“Look at that little boat scoot,” he shivered. “That boatman is going back as fast as he can, to trade the information he has overheard.”
“Nonsense,” laughed Mr. Delavan. “A passenger boatman like that fellow hears all kinds of talk in twenty-four hours. If he tried to remember a hundredth part of what he hears it would drive him into an insane asylum. Captain Halstead, get up anchor and take us outside, anywhere. We’re going to sit up and talk for a while. Then we’ll turn in below and sleep. We don’t want to berth the boat in New York earlier than eight in the morning, but must be there sharp at that hour.”
Tired of the motion of the boat so long at racing speed. Captain Tom got under way at a speed of about eight miles an hour. The newcomers and Mr. Moddridge sat in a close group on the bridge deck, to hold their council of war for the morrow.
“In the first place, Moddridge,” began Mr. Coggswell, “P. & Y. closed yesterday noon, on the Stock Exchange, at 68.”
“We must be closed out, then – ruined!” cried the nervous one, aghast. “You figured, you know, that the stock touching 71 would wind us up.”
“And so it would have done,” replied the broker, “but Steel and the other stocks that are traveling with it behaved rather better than I had expected. So, as things stand to-night you and Delavan have, perhaps, a few hundred thousand dollars left out of the game. But if P. & Y., at the opening on the Board to-morrow, goes down to 65 – well, Oliver, as the head of the bankers’ syndicate that has been furnishing money to the Delavan-Moddridge interests, suppose you tell what must happen.”
“If the stock drops to 65 to-morrow morning,” took up the banker, “our pool will have to call in the loans, Mr. Moddridge. Delavan and yourself will have to heave all your P. & Y. stock overboard in order to meet the call of the loans. Then, but not until then, as I understand Mr. Coggswell’s statement, you will both be cleaned out.”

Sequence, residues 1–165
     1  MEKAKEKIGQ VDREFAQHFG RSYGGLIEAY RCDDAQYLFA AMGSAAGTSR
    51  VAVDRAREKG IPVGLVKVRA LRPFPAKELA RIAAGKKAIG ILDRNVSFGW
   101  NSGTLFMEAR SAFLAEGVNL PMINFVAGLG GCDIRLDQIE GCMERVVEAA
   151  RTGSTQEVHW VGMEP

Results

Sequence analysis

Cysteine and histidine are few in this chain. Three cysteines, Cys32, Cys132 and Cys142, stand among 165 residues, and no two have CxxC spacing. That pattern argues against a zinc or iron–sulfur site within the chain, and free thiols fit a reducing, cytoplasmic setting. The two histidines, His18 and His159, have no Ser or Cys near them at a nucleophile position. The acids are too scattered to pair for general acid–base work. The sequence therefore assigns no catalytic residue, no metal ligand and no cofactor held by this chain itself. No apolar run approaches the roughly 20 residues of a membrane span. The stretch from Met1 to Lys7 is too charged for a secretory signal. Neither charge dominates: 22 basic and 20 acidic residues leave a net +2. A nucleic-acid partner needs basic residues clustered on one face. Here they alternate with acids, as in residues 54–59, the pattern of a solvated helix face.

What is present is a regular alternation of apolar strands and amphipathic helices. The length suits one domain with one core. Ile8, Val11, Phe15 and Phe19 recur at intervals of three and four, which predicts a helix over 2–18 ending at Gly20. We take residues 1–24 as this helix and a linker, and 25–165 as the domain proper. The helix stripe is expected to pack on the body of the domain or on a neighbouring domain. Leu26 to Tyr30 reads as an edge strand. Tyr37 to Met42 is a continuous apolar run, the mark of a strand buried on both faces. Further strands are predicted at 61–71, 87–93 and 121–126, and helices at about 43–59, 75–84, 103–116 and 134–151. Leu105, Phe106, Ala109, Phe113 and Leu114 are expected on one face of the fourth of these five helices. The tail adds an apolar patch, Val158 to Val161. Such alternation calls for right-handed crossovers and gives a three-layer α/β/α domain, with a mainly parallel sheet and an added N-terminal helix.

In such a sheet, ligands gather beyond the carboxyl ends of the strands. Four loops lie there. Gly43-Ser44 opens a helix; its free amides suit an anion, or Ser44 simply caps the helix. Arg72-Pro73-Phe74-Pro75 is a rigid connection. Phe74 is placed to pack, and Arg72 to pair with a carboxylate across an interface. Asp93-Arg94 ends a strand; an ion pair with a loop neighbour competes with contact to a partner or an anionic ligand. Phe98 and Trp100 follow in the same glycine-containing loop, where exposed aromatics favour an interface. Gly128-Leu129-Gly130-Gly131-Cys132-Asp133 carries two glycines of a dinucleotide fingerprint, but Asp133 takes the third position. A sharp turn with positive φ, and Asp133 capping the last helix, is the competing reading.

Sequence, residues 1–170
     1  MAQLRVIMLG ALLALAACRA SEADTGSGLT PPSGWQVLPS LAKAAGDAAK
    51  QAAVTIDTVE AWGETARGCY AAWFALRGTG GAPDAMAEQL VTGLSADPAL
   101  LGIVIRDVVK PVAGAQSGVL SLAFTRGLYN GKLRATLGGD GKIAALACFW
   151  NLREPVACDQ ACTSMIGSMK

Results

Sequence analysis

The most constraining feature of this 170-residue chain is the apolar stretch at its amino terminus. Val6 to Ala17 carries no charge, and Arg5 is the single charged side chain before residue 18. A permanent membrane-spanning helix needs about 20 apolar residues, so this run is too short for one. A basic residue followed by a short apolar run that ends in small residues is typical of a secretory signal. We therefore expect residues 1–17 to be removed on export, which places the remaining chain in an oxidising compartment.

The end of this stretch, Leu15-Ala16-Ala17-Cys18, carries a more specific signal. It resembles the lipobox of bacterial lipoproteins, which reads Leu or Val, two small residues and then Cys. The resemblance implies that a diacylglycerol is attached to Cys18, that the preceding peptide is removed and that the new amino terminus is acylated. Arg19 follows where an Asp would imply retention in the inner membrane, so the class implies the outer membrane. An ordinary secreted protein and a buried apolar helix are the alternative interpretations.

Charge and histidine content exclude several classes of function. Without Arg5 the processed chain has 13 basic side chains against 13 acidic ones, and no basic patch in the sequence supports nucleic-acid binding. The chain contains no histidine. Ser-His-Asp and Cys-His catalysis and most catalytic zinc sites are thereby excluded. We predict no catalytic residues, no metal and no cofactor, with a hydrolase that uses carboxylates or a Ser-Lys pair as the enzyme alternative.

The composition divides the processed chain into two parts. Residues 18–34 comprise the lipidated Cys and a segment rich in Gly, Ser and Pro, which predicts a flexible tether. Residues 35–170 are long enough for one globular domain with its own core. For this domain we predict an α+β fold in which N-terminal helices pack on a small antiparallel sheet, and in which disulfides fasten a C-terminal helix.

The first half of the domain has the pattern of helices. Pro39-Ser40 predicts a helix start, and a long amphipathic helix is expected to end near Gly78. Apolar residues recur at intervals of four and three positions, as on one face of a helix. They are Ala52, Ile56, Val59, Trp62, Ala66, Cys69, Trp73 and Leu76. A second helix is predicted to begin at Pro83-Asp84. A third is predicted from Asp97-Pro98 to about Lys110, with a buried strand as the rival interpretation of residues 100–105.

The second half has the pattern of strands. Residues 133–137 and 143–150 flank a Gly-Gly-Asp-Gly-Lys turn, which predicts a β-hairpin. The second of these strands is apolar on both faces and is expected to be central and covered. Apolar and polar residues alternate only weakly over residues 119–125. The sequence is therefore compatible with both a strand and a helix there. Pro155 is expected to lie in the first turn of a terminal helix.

“But that isn’t going to happen,” declared Francis Delavan, coolly lighting a fresh cigar and puffing slowly. “There have, of course, been all sorts of stories out that I’ve been robbing the P. & Y. railroad and that I’ve smuggled the money out of the country. But Johnson, our vice president, has had a firm of the most respected and trusted accountants in New York going over all the railroad’s accounts. By to-morrow forenoon the reports of the accountants will be ready, and will show that every dollar of the P. & Y.’s money is safe.”
“That will help,” replied Mr. Coggswell, “if the buying and selling public believe the statement at once. But you never can tell how small dealers in stocks will accept any report. They may think the move only a trick to bolster up confidence until the inside operators can slip out of their holdings in P. & Y. If that view is taken, the stock may fall off a dozen points in the first half hour that ’Change is open.”